Groundbreaking material that could potentially forever change the way the underground music scene is discerned? Unfortunately no. Impressive nonetheless, considering its contents are fairly reputable especially when compared to their somewhat lesser genre counterparts? Undoubtedly yes.
While not the most genre-defying album to see the light of day, Australian powerhouses Northlane display far more vigor than most would presume on their sophomore full-length, Singularity. The album, clocking in at just shy of the 35-minute mark, contains arguably the most defined metalcore to be released so far in 2013. Chop-to-bounce breakdowns (“Windbreaker”), unexpected yet surprisingly impressive cleans (“Quantum Flux”), intricate guitars (“Scarab”), and commanding drums (“Aspire”) are all found throughout the ornate course of Singularity.
Lyrically speaking, the record is a whirlwind of honesty, anger and hope. For instance, while lead vocalist Adrian Fitipaldes aggressively bellows the lines, “The truth is we all suffer / We all suffer in life / We all suffer in time” in the pernicious “Scarab,” he also melodically croons “Can’t you see the joy of life is right before your eyes? / Infinite bliss, infinite love” in the optimism-based “Quantum Flux.” Far from cliché, Singularity’s lyrical content provides a sense of serious maturity from such a young outfit.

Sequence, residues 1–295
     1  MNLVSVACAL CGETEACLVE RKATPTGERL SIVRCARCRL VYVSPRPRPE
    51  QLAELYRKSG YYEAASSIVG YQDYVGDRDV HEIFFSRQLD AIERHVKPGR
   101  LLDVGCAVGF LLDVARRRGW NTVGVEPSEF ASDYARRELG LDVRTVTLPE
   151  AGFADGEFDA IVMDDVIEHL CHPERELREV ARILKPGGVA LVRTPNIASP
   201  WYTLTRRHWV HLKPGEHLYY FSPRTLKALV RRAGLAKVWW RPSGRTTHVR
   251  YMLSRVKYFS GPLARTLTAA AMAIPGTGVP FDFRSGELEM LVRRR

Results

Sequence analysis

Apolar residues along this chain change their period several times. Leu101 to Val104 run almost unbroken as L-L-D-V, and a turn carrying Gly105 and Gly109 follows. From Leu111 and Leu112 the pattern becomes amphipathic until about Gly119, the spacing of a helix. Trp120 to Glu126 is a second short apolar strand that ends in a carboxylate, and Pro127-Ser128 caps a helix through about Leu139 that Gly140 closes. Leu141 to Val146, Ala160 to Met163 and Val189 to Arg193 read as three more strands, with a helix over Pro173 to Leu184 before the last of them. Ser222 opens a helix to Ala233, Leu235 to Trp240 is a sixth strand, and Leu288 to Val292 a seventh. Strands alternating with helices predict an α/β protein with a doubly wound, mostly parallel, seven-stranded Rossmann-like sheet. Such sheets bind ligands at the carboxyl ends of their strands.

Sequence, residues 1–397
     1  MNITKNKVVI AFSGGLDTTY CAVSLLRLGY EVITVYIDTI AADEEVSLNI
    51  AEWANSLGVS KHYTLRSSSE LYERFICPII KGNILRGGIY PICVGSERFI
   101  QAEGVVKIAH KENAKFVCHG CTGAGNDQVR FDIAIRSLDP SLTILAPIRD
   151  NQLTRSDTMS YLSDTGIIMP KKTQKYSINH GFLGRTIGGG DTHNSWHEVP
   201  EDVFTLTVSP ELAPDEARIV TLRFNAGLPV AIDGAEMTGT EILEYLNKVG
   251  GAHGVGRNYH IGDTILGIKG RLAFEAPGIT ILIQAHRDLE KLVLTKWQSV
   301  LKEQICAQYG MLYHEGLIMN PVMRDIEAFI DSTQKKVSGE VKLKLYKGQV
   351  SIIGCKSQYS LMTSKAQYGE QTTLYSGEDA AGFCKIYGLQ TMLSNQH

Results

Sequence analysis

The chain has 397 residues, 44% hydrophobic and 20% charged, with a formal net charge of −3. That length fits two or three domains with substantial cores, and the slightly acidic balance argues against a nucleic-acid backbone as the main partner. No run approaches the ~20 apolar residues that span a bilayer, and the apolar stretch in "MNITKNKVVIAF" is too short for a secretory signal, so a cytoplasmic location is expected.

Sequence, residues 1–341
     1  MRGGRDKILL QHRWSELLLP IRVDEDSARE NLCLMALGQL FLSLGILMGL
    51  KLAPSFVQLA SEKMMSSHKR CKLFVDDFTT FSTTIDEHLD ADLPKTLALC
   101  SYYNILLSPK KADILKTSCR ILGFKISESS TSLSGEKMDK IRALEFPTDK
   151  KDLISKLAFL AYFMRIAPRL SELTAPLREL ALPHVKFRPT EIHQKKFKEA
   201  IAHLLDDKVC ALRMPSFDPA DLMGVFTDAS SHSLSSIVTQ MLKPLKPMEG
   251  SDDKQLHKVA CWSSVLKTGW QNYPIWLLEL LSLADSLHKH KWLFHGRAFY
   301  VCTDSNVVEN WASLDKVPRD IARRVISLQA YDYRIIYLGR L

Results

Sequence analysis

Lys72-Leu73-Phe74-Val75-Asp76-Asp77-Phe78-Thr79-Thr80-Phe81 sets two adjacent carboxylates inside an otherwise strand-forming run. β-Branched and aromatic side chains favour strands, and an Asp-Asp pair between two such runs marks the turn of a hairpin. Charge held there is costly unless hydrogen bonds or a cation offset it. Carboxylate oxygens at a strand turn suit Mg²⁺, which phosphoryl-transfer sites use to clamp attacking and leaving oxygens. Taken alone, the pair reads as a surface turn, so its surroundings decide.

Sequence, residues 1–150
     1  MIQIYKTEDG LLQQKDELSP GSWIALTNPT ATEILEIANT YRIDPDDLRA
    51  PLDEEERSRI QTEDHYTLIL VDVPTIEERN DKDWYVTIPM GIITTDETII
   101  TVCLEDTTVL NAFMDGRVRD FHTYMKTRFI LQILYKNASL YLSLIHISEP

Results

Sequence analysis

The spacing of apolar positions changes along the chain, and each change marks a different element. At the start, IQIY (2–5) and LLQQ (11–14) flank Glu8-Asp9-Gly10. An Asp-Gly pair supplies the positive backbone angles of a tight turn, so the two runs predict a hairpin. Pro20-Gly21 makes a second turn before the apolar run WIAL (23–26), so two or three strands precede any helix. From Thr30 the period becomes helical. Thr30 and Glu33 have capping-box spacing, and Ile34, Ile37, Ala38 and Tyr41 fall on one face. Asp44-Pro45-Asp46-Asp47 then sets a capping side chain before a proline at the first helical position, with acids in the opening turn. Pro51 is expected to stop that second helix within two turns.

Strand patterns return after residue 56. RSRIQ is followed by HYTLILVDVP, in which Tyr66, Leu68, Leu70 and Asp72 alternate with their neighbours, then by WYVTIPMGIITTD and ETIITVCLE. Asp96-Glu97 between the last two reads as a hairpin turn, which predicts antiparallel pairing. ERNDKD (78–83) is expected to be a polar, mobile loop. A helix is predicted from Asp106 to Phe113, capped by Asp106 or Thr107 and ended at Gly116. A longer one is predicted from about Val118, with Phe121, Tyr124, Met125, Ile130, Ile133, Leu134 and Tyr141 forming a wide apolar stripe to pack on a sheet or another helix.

Despite the record’s aforementioned virtuoso, its imposing climax is ironically conceived during what will quite possibly be the most neglected three minutes and forty-six seconds on the entire album: the title track, “Singularity.” The song, which features an awe-inspiring pre-recorded message, was contrived simply to raise the follicles on the back of your neck and make your skin crawl with protuberances of satisfaction. While perceiving a seemingly miniscule face value, the track shows Northlane’s unmistakable versatility, which, if harnessed precisely, could potentially project them to the top of the genre.
To put things in a general perspective, Singularity is downright striking. They say in Australia, the phrase “sophomore slump” is more commonly referred to as “second year blues.” Well, with their sophomore full-length officially under their belt, it’s safe to say with being the Australian natives they are, Northlane have skillfully eluded those ever-so-dreaded “second blue years.”